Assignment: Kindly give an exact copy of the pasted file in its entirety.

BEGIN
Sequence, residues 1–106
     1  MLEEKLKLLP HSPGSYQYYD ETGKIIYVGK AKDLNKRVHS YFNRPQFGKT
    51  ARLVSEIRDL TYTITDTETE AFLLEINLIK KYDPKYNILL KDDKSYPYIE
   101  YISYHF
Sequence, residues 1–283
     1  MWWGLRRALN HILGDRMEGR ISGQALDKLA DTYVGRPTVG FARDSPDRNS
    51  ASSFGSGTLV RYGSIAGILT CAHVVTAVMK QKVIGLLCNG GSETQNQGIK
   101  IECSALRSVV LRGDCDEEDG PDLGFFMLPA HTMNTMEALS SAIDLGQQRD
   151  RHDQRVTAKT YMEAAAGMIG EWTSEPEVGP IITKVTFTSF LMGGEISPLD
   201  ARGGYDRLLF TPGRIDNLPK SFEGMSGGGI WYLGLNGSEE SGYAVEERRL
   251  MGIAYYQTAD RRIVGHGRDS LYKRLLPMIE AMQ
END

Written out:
Sequence, residues 1–106
     1  MLEEKLKLLP HSPGSYQYYD ETGKIIYVGK AKDLNKRVHS YFNRPQFGKT
    51  ARLVSEIRDL TYTITDTETE AFLLEINLIK KYDPKYNILL KDDKSYPYIE
   101  YISYHF
Sequence, residues 1–283
     1  MWWGLRRALN HILGDRMEGR ISGQALDKLA DTYVGRPTVG FARDSPDRNS
    51  ASSFGSGTLV RYGSIAGILT CAHVVTAVMK QKVIGLLCNG GSETQNQGIK
   101  IECSALRSVV LRGDCDEEDG PDLGFFMLPA HTMNTMEALS SAIDLGQQRD
   151  RHDQRVTAKT YMEAAAGMIG EWTSEPEVGP IITKVTFTSF LMGGEISPLD
   201  ARGGYDRLLF TPGRIDNLPK SFEGMSGGGI WYLGLNGSEE SGYAVEERRL
   251  MGIAYYQTAD RRIVGHGRDS LYKRLLPMIE AMQ